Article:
So being interested in an art/science that requires much attention to facial detail, detail that you cannot readily minds-eye recall, is difficult enough; but having a weakened cognitive ability (compared to many) to recall facial details, or to notice precisely the changes in facial details, makes it all the more problematic. However, it is the regional differences that are most problematic. You see, in New York, Atlanta, London, it was never really a problem. However, I notice it as such here in the current southern state in which I live. That extra ‘second or two’ of looking in the Northeast, or in Atlanta, and elsewhere goes unnoticed, or may be perceived as somewhat flirtatious (guessing) but of no real concern. However, the area I am in his highly… uppity/saditty, and I have no doubt that the extra time is seen as some kind of interest/attraction, albeit one that really isn’t there. I was born in the south, have much family in the south, but (1) I’m married; (2) I’m not looking for, hoping for, or open to, anything on the side; and (3) were I to be interested in someone else (which I am not), the highest, highest likelihood is that (a) it wouldn’t be in a Southerner and (b) it wouldn’t be someone from “the country.” In fact, historic reality evidences that it wouldn’t even be an American (beyond a recent immigrant or a first-generation American); and if it was, the same precedent strongly indicates an urban, or (major city) suburban, preference.

This isn’t to say that anything is wrong with southerners, etc., but we all have our preferences. Some prefer black over white, white over black, blonde over brunette, brunette over blonde, svelte over zaftig, zaftig over svelte, tall over short, etc. I am a bit of a xenophile/allophile, love interacting with people of every race/ethnicity, and also of almost every culture (that I’ve encountered), and enjoy being around people who broaden my worldview and cultural horizons. I do not care much about superficial traits, have very little taste for glamour (i.e. mistaking make-up for beauty), skin colour/nationality is irrelevant to me, etc.; I’ve always been about the person, their inner qualities, though (of course) physical attraction has its real place. However, the point is that many in these parts simply are not the type of woman that I would go for (don’t get me started on cowboy boots) but, my goodness, do some of them act like they are sometimes. The reactions I get here, I only get here, to the point wherein I just want to wear a sign saying, “relax, I have zero interest in you.” I find that when it comes to books, politics, music, movies, clothing styles, and several things best not mentioned (perhaps like this entire article…no?), there is so little in common with many in this region, that such an attraction would be unfathomable. Yet, because of this now instinctual interest in, and observation of physiognomical traits, and due to the facial perceptions issues I have, I am self-conscious of such reactions and try my best (again, in “these here parts”) to not even look at them (for fear of giving the wrong impression). This in turn can lead them to think that I am ‘too shy’ to be in their “radiant” presence (hardly). Look, I lived on Long Island, then Manhattan (near Rockefeller Center), then Brooklyn, then Atlanta — all where physical beauty abounds… all successfully navigating the scenes, all with no problems. This is the only place I’ve encountered such foolishness (though should I be surprised? They still have a Nathan Bedford Forrest statue right near one of their main highways… go figure).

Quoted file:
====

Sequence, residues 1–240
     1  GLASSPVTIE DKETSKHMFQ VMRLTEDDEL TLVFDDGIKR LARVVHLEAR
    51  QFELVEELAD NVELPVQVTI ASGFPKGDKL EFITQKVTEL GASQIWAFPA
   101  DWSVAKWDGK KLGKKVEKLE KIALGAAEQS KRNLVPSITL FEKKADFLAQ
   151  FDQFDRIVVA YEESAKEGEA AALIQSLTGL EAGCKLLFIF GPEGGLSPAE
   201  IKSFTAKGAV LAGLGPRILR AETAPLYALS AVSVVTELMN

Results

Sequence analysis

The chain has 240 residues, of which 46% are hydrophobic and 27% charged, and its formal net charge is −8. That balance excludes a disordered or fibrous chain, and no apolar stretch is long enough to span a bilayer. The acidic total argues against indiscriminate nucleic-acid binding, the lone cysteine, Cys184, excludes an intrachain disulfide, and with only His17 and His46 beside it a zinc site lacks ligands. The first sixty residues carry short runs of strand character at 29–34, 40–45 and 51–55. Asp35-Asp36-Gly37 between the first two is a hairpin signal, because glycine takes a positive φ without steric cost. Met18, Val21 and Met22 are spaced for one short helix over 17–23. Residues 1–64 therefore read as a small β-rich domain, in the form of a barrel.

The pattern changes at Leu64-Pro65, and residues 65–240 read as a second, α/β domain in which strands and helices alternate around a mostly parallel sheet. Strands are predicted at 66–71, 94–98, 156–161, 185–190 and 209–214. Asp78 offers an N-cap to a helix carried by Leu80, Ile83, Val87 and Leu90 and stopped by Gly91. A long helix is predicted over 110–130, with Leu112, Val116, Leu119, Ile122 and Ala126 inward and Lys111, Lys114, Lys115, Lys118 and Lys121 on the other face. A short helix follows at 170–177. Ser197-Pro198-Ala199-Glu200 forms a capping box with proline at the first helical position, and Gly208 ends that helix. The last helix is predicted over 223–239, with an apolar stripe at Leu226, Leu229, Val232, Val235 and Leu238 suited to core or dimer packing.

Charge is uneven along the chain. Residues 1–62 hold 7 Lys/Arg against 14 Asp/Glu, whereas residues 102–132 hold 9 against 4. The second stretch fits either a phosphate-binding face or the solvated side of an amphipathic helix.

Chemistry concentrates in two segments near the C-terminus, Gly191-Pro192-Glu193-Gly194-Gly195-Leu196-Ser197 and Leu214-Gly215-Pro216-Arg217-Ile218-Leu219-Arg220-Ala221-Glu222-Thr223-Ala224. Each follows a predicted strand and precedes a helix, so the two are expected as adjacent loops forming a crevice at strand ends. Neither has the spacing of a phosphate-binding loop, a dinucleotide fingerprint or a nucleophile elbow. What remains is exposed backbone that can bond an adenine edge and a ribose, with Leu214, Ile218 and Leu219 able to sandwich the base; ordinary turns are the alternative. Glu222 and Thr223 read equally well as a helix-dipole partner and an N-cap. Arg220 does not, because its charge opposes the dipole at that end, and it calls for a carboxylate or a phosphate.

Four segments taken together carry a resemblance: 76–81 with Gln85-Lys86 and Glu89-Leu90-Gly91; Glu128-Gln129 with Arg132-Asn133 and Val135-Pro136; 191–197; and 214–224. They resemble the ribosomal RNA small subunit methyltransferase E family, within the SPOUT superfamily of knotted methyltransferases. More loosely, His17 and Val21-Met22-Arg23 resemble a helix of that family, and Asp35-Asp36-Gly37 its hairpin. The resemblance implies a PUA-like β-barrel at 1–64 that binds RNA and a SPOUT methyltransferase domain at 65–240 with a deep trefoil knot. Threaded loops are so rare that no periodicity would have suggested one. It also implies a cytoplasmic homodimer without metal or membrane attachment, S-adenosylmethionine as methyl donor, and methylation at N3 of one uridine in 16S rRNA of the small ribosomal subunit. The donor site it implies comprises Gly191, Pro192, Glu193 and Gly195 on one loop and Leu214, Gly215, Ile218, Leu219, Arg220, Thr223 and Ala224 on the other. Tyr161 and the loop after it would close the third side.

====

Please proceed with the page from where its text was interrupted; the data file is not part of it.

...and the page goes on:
I try very hard to leave my trait recognition / skill development to other locales, means, etc. Though I am still intrigued by the growing science, and high accuracy of Physiognomy (often estimated at 80-85%), the social aspects around here concerning it are annoying as can be, and sometime just not worth it. There are regional differences concerning many things, we just have to learn to deal with them. However, I know that when I purposely tested the matter in Manhattan (back in 2017) there was nothing close, even remotely close, to what I experience here. Same with the ATL, in various parts, with various people/ethnicities, no problems… so it must be an odd quirk to this region, or so I guess. Trust me (and I do mean… trust me!) you’re safe, no interest here, except for how certain features line-up with psycho-socio/behavioural/cognitive traits people may have (and even that’s scaled back significantly now). That’s it people…. that’s the oddity associated with physiognomy. Maybe I’m the only one who’s encountered it. If anyone else studies it (Western, Eastern, Middle Eastern, Russian, and related forms), let me know if you’ve noticed anything similar (I would like to hear).